legislative branch.  The King appoints and presides over the 
Privy Council, which makes major policy decisions.  (When the 
King is not presiding, the Privy Council is called the 
Cabinet.)  The King also selects the Prime Minister and other 
Cabinet ministers, who hold office at his pleasure.

Tonga's unicameral legislature, the Legislative Assembly, 
consists of 12 Cabinet ministers, 9 nobles elected by their 
peers, and 9 people's representatives.  All literate Tongans, 
21 years of age or older, are eligible to vote.  The Speaker 
is appointed by the King from among the representatives of the 
nobles.  Government ministers generally vote with the nobles' 
representatives as a bloc.  People's representatives sometimes 
vote against the Government.  There are no political parties.  
Elections are held every 3 years, most recently in February 
1993.  As a result of those elections, the Pro-Democracy 
Movement extended its influence with the election of strong 
supporters to six of the nine people's representative seats.

Since 1991 there have been continued calls for more democratic 
change both by people inside and outside of the government 
establishment.  The Pro-Democracy Movement, which originated 
in 1986, was formally established in 1992 but does not 
consider itself to be a political party.  This organization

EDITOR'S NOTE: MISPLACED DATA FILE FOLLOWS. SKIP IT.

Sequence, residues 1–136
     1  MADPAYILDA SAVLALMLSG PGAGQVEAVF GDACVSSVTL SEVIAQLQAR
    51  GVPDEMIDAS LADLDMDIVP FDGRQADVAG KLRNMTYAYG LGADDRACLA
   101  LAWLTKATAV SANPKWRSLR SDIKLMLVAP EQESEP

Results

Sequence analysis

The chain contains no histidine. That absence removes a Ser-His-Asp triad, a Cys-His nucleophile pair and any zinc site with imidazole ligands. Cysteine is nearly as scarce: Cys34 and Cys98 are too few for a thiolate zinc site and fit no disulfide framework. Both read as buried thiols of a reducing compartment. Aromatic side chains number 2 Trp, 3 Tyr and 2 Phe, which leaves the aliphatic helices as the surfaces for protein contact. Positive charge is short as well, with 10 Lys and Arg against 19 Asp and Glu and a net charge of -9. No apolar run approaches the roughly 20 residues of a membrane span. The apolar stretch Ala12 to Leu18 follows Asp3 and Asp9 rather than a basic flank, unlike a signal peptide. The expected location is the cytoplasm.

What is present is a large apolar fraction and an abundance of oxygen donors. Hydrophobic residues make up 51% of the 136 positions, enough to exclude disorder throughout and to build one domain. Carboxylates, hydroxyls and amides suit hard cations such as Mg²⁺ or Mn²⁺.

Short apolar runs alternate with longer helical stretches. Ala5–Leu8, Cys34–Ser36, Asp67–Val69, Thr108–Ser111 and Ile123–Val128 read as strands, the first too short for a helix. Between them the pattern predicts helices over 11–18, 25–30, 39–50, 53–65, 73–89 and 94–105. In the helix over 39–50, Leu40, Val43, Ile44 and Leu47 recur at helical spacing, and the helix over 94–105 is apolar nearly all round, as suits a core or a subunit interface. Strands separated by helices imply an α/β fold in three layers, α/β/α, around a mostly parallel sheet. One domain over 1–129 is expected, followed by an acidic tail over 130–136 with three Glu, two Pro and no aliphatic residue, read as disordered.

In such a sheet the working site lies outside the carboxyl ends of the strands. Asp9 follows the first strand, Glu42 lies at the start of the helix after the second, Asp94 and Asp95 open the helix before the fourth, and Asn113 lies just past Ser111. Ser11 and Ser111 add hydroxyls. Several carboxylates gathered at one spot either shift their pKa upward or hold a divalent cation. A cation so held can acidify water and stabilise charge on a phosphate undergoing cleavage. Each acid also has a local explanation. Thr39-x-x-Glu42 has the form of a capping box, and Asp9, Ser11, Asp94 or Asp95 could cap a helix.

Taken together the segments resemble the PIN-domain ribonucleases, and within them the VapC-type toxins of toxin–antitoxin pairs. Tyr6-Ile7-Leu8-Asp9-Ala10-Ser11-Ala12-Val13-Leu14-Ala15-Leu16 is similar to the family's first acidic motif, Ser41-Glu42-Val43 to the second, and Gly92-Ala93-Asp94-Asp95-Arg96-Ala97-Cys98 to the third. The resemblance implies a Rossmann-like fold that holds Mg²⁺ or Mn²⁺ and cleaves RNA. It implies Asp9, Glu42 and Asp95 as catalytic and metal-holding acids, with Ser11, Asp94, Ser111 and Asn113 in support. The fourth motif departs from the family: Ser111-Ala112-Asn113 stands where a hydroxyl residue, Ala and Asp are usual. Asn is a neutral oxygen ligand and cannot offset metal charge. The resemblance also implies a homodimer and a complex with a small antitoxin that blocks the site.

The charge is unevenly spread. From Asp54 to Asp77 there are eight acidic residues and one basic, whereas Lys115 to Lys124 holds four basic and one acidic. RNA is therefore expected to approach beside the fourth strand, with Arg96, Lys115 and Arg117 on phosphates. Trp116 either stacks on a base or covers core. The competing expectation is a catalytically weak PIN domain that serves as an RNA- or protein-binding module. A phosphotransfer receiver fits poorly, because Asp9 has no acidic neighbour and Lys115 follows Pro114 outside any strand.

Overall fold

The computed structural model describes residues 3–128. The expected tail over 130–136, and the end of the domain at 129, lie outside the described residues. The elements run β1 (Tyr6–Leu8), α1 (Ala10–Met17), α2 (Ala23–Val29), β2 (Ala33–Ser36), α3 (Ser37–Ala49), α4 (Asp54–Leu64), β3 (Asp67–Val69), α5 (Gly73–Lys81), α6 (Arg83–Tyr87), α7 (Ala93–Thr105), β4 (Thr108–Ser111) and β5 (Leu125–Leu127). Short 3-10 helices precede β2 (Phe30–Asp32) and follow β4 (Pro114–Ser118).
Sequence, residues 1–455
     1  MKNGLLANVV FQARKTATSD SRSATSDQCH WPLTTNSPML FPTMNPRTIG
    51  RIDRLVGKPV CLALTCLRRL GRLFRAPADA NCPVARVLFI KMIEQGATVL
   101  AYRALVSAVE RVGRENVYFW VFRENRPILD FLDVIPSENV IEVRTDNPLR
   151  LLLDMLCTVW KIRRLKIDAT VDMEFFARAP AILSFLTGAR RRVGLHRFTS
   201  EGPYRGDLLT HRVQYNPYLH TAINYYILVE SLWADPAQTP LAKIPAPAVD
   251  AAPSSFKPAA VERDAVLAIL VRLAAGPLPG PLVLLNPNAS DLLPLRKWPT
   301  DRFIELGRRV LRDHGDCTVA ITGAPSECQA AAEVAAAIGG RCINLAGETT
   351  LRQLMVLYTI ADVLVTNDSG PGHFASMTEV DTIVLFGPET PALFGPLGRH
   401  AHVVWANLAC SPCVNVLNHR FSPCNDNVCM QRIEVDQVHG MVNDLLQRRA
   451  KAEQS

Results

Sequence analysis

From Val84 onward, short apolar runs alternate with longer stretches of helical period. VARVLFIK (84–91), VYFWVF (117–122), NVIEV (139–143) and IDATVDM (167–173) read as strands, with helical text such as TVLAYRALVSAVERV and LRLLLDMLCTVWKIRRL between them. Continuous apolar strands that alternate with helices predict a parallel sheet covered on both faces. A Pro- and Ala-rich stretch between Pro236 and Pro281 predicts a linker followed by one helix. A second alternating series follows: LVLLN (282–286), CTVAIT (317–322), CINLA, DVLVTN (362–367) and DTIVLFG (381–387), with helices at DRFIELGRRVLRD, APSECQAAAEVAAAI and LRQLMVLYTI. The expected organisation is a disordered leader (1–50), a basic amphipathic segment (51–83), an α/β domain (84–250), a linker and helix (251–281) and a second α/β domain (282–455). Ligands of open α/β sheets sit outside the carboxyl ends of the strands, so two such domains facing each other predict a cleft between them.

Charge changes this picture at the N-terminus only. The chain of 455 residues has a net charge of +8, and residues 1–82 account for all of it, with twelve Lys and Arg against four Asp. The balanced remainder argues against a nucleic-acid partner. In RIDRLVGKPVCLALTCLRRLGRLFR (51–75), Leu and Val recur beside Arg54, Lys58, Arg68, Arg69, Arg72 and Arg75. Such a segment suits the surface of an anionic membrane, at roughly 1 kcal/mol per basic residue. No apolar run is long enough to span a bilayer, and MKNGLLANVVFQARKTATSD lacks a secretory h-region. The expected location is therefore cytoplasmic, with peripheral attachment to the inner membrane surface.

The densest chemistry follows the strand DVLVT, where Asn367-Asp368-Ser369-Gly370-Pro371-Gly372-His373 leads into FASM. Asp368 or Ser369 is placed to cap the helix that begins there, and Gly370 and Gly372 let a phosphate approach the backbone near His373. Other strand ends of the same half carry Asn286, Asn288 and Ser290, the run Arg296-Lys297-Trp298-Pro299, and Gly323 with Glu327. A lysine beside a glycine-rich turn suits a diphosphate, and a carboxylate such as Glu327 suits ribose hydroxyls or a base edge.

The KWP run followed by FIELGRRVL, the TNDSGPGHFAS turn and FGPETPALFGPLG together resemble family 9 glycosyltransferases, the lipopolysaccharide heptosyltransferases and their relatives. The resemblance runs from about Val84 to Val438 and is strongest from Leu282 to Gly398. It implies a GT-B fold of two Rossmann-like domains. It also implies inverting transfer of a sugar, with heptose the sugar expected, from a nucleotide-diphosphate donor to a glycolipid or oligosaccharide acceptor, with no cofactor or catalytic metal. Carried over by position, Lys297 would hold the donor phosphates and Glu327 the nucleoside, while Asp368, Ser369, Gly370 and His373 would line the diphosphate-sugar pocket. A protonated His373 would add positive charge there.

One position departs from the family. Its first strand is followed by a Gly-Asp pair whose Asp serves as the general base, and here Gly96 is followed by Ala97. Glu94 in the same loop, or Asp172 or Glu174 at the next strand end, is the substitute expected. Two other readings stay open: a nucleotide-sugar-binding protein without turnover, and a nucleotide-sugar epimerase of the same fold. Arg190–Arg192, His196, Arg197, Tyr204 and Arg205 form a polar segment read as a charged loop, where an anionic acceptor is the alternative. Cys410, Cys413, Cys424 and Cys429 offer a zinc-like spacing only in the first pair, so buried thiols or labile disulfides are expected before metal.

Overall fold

maintains that the monarchy is an inalienable part of the 
Tonga identity, but it believes that the Government must 
become much more relevant to today's world and that this can 
be achieved only through greater power sharing by the King and 
greater accountability on the part of the Government (one of 
its earliest efforts was to inspect the financial records of 
the legislature).

The February 1993 elections were seen by many as a referendum 
for change, with those favoring reform the clear winners.  
Following its election victory, the Prodemocracy Movement has 
turned to educational efforts outside the capital and to 
drafting proposals for revisions to the 1875 Constitution, 
most notably for popular election of all 30 members of the 
Assembly and election of the House Speaker from among Assembly 
members.

Section 4  Governmental Attitude Regarding International and 
           Nongovernmental Investigation of Alleged Violations 
           of Human Rights

While there are no known barriers to the formation of local 
nongovernmental organizations that concern themselves with 
human rights, no such organizations exist in Tonga.  No 
outside organizations have made requests to investigate human 
rights violations.  Tonga is not a member of the United 
Nations.

Section 5  Discrimination Based on Race, Sex, Religion, 
           Disability, Language, or Social Status

Social, cultural, and economic facilities are available to all 
citizens regardless of race or religion.  However, members of 
the hereditary nobility have substantial advantages in Tongan 
society.  These include control over most of the land and a 
generally privileged status.  Nonetheless, it is possible for 
commoners to rise to Cabinet positions in government and to 
accumulate great wealth and status in the private sector.

     Women

In Tonga's male dominated society, women generally occupy a 
subordinate role.  While the strong Polynesian cultural